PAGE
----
According to Gospe, if Murdoch’s Daily goes under, one unintentional consequence: “[T]hose who manage the UW Daily’s Twitter in the future won’t be privy to such amusing tweets.”

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The University of Memphis has slashed funding for The Daily Helmsman by $25,000 for the upcoming academic year, a full third of the usual financial assistance the paper receives from student activities fees.  Some current and former staffers of the campus newspaper view the dramatic cutback as possible retaliation for controversial editorial content.

According to a Commercial Appeal story earlier today, Memphis administrators and members of the student government have publicly and privately expressed their unhappiness at the paper’s recent coverage and a perceived lack of focus on UM.  UM’s dean of students: “I can’t begin to tell you the examples that came up in [a recent meeting with the Student Activity Fee Allocation Committee] about things that the paper did print that seem to have very little relevance or that seemed to touch very, very few students on the campus.”

Hmm.  Those concerns seem strange, nay ridonkulously wrong, given the amount of high-profile stories the Helmsman broke and reported upon over the past year alone.  Staffers spotlit serious campus issues involving everything from retention rates, athletics revenue (or lack of it), and potential crime reporting violations to student-athlete misconduct oversights, student ID card theft, and a rape in an on-campus apartment carried out by an individual living there under the guise of being a UM student.  The list goes on…

So, what’s really going on here?  Helmsman general manager Candy Justice says censorship: “It’s a First Amendment violation.  It’s just one more example of what the Helmsman has to put up with.”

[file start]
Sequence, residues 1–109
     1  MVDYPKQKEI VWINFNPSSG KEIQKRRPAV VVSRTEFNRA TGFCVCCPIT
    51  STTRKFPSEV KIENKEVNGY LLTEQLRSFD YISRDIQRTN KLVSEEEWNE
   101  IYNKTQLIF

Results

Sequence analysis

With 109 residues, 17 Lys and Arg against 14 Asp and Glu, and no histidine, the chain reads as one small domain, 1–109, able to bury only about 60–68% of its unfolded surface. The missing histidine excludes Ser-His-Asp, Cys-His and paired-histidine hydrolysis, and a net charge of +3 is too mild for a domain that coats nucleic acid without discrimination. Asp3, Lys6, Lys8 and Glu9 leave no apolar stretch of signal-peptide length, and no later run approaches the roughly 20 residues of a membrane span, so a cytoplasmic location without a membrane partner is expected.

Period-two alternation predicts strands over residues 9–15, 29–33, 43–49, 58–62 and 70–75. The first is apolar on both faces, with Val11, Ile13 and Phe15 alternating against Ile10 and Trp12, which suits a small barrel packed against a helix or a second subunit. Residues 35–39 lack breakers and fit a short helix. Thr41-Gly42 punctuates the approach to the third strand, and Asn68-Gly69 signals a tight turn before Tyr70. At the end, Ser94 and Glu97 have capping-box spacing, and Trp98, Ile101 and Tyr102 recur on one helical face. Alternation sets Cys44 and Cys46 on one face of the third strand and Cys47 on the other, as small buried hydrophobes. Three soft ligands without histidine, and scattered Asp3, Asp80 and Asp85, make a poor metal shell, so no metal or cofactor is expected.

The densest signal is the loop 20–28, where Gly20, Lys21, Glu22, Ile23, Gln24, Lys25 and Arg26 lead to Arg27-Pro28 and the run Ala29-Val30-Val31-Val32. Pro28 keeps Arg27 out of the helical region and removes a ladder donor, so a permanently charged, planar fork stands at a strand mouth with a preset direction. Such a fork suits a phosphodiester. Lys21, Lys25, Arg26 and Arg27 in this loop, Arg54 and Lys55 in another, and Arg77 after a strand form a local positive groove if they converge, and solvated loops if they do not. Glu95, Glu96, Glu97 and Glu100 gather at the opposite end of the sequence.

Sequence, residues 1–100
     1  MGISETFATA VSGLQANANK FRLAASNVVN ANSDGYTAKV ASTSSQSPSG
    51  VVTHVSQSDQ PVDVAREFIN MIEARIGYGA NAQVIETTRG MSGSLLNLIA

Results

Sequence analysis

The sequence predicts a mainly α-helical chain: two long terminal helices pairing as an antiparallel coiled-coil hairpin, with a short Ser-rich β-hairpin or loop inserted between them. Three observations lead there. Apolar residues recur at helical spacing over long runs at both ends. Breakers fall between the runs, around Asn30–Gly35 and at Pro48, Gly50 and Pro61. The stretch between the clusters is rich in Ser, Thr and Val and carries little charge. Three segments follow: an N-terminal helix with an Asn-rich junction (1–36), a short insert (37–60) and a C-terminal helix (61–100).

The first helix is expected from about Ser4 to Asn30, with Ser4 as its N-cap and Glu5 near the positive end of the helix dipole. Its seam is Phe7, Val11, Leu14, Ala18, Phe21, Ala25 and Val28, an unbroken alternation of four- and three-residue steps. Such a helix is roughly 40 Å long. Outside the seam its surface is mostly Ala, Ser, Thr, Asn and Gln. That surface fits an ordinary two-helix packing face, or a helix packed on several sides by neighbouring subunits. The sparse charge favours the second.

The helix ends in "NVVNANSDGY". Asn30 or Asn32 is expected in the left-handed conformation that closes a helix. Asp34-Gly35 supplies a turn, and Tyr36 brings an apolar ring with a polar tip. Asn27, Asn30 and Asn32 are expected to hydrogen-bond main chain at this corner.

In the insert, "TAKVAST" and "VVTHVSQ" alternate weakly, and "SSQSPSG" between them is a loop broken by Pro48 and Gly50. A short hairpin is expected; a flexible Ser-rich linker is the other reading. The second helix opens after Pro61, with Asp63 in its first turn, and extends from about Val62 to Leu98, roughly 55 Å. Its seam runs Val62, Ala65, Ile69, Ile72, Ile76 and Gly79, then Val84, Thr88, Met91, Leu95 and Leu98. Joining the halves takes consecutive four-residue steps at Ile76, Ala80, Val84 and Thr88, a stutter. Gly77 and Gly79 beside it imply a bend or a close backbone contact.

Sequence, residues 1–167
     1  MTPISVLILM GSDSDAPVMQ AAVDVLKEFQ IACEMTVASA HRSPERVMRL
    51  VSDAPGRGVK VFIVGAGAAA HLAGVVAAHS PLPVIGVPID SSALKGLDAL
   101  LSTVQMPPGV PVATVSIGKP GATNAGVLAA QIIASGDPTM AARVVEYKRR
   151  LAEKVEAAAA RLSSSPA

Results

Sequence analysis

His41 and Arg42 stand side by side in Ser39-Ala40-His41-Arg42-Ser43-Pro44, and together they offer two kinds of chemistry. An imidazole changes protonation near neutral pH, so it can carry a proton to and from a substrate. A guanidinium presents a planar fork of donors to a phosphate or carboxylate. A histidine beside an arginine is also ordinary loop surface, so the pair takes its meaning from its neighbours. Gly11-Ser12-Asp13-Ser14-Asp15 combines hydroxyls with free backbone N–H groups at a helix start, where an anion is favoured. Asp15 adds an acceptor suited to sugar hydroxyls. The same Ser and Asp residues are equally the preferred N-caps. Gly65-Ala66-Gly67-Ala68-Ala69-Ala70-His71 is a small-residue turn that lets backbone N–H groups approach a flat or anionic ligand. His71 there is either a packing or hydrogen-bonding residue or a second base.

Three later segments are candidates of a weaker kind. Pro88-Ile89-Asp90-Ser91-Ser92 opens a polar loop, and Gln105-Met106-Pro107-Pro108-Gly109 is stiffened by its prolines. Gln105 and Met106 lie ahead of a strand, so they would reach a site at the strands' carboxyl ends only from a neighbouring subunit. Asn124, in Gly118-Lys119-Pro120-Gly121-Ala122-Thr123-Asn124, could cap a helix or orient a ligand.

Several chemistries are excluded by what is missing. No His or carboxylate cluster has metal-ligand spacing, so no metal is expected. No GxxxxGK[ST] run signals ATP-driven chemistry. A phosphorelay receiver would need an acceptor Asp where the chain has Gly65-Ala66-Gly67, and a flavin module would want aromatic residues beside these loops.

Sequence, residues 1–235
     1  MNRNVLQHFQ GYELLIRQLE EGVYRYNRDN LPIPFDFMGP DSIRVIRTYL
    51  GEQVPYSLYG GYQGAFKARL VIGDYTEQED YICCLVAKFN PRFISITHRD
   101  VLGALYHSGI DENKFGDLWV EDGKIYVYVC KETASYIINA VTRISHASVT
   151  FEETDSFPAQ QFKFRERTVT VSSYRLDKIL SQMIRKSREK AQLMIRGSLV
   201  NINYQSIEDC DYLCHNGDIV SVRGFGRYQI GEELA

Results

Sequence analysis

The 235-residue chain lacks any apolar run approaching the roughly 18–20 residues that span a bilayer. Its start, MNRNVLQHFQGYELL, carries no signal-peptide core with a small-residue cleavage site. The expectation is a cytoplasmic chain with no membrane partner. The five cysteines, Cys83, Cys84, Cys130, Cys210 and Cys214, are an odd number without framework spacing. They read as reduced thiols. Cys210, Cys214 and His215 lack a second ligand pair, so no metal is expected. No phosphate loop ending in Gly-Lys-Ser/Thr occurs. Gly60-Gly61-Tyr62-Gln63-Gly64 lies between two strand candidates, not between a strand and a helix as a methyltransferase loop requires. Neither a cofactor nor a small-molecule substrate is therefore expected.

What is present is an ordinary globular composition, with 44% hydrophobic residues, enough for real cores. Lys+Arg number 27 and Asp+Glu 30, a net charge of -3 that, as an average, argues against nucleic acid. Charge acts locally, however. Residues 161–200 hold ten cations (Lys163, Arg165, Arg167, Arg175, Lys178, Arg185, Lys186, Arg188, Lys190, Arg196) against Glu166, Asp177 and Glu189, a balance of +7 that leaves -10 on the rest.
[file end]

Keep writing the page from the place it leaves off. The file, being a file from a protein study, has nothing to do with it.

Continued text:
The university says editorial concerns were not part of the fee allocation committee’s funding decision, pointing out there was an overall drop in available funding for all campus groups.

Justice told the Commercial Appeal the Helmsman may be forced to cut publishing days or staff pay due to the budget chop.

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As the world hovers on the precipice of full-blown Olympics madnesseven Mitt Romney is confident the London festivities will be a rousing success– college media summer staffers are set to provide continued coverage from the student perspective.

Already, in the run-up to the Games, many outlets have profiled their own school’s student, staff, and alumni Olympians.  They have also produced more interesting and offbeat news, feature, and commentary pieces touching on everything from Olympics fashion and the treatment of transgender Olympians to sports that deserve an Olympics slot (including Quidditch and yoga) and a fascinating 10-part feature in The Daily Illini on the Olympic dreams of a world-class gymnast that ultimately came up short.

Below is a screenshot sampling of these blog posts and stories.  If you have a related feature of your own, please email me!

The State News, Michigan State University

The Daily Californian, UC Berkeley


NextGen Journal

The Lantern, Ohio State University

Her Campus


The Iowa State Daily, Iowa State University